Here's some early advice on Super Bowl LIV: Prepare for a lot of red. The Kansas City Chiefs and San Francisco 49ers advanced Sunday out of their respective conferences, gifting us the NFL's first Super Bowl matchup of teams that employ red as their primary color. (Let it also serve as a reminder that no fact is too minor during Super Bowl hype week.)
A more meaningful fact? It's just the second Super Bowl ever between a team that led its conference in rushing yards and one that led in passing yards (Super Bowl VI was the other). The 49ers rushed for 2,305 yards, and the Chiefs gained 4,498 through the air this season.
Here's an early look at the 49ers-Chiefs matchup, complete with team breakdowns, an X factor, a stat to know and big questions surrounding the final game of the season. Plus, we have early predictions from our experts before the matchup is dissected limb by limb over the next 14 days.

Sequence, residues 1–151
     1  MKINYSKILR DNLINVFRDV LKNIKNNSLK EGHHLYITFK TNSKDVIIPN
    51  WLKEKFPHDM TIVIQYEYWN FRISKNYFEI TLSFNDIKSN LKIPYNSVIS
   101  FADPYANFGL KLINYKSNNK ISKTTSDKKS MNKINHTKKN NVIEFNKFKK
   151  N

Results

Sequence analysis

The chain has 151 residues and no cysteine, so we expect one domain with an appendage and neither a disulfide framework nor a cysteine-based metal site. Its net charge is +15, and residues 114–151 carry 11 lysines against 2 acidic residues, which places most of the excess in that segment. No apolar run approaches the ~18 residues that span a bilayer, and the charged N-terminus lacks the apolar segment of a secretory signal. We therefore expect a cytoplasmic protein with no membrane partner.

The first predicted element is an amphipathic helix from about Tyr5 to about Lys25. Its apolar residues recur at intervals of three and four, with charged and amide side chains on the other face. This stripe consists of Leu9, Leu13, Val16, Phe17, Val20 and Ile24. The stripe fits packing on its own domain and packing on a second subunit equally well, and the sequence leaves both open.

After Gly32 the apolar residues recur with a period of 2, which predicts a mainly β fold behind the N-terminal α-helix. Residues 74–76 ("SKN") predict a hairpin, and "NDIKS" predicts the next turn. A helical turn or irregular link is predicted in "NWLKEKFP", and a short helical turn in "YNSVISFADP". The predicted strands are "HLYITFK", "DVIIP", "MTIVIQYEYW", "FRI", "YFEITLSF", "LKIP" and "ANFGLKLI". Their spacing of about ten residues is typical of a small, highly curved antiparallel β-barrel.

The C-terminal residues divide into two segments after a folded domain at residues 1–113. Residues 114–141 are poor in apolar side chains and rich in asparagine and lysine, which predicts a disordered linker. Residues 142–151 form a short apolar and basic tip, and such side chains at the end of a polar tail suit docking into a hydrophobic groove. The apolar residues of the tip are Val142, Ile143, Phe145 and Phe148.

What to know | 49ers | Chiefs
Big questions | Early picks | Tickets
What to know for Super Bowl LIV
When: Sunday, Feb. 2 at 6:30 p.m. ET on Fox
Where: Hard Rock Stadium, Miami Gardens, Florida | Tickets
Vegas line: KC -1.5 (O/U 52.5)
ESPN's Football Power Index: KC, 64.8% (by 5.0 points)
Chiefs coach Andy Reid has the seventh-most regular-season wins by a coach in NFL history (207) but is still trying to win his first Super Bowl. His 2004 Philadelphia Eagles lost to the New England Patriots in Super Bowl XXXIX, and Reid hasn't returned since. A win would erase any doubt about his Hall of Fame qualifications and secure his place as one of the best coaches in league history.
But to do so, Reid will need to beat perhaps the one NFL coach -- the 49ers' Kyle Shanahan -- who rivals him as an offensive schemer and playcaller. -- Kevin Seifert
San Francisco 49ers